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Russia Delays Effort to Assign Blame for Syrian Chemical Attacks

FILE - Vitaly Churkin, Russia's ambassador to the United Nations, says Moscow is also concerned about reports that the Islamic State group has used chemical weapons in Iraq.

Russia is holding up Security Council approval of establishment of a new international body that for the first time would assign blame for chemical attacks in Syria's deadly conflict.

Vitaly Churkin, Russia's U.N. ambassador, who holds the council presidency in September, told reporters Wednesday that Russia had questions about the proposal by U.N. Secretary-General Ban Ki-moon.

He also raised the possibility that the council might need a new resolution to deal with allegations that the Islamic State extremist group has used chemical weapons including mustard gas in neighboring Iraq.

The Syrian government denies using chemical weapons, but the United States and other Western nations contend Syria's government is to blame, especially for barrel bombs containing chlorine and other toxic agents dropped by helicopters, since the opposition doesn't have aircraft.

Ban sent a letter to the council last Thursday recommending establishment of a three-member independent panel backed by experts with the freedom to go anywhere in Syria to identify those responsible for using chlorine and other chemical weapons. The council was supposed to respond in five days.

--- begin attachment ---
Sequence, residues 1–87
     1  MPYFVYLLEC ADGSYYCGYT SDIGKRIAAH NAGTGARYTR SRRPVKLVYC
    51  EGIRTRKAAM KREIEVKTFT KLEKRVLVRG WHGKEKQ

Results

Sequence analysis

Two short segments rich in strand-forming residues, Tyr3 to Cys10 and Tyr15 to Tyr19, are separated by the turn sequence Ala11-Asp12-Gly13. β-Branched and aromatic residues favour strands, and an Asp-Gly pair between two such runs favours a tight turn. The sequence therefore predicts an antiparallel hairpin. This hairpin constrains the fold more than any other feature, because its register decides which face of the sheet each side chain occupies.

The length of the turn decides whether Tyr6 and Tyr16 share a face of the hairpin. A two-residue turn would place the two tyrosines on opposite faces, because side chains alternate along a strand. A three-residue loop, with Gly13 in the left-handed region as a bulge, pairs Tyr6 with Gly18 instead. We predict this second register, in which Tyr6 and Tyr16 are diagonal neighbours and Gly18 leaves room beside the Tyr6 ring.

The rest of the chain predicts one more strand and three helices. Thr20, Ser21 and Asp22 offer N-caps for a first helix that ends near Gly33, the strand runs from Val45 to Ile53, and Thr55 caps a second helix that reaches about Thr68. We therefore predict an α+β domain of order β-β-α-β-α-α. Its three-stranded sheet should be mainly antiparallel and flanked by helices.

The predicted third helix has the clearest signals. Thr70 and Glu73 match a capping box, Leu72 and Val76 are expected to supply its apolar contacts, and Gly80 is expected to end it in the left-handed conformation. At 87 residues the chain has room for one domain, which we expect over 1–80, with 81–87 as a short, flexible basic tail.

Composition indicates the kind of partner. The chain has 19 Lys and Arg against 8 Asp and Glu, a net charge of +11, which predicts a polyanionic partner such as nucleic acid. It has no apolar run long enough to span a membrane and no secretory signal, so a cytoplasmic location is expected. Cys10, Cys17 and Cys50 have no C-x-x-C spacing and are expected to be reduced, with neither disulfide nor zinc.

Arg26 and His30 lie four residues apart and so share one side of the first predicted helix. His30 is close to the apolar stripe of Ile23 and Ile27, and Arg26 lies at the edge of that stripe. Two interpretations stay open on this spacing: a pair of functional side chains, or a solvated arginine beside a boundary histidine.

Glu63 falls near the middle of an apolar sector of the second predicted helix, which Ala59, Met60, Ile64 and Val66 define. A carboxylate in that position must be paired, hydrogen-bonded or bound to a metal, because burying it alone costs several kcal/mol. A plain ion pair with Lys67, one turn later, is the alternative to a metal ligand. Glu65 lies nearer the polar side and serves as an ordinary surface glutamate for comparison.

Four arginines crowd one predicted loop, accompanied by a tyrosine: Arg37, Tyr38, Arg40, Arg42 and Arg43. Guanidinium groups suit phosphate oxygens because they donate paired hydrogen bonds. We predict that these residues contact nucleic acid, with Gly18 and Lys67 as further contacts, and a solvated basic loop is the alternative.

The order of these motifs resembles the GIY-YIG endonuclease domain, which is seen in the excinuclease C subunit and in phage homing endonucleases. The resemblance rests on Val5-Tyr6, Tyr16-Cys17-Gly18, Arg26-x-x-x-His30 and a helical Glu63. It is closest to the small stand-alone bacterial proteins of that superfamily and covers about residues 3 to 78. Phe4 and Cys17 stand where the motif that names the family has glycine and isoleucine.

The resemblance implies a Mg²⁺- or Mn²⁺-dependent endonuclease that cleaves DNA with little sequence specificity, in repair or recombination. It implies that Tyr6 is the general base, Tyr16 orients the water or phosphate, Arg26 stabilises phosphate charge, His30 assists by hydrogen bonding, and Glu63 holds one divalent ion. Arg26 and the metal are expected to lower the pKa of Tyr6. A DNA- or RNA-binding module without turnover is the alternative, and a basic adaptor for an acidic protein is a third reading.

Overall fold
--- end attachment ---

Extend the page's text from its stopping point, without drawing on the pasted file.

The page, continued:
Churkin said Russia had received clarifications about its concerns from the U.N. Secretariat and wanted them to be put in writing "so that everybody has the same kind of understanding of what is going to happen in the work'' of the so-called Joint Implementation Mechanism.

He said one example was Ban's call for voluntary contributions to fund the new body and Russia's concern that contributions could influence the "impartiality'' of the new body. He said "some good explanations were given about how the money is going to be spent.''

Last month, the council unanimously approved a resolution giving a green light to establish an international investigative body to determine responsibility for chemical attacks that have killed and injured a growing number of civilians over the past two years — and to go to suspect sites in government- and opposition-controlled areas. But council members also need to sign off on Ban's plan for the new body.

Reports have also surfaced in recent months that the Islamic State extremist group, which controls a third of Syria and Iraq, has used toxic chemicals. Churkin said Russia knows that the group has been "actively working'' in this direction, including "using the services of some foreign experts to try to produce chemicals that can be used as a weapon.''

He said Russia was very concerned about reports that Islamic State militants might be using toxic chemicals in both countries and had been discussing the reports with the Iraqi government, which is taking them seriously and "looking into it themselves.''

In the case of Syria, "the Security Council has played an important role in dealing with this problem,'' Churkin said, but in the case of Iraq, Russia believes the council may need to adopt a new resolution at some point.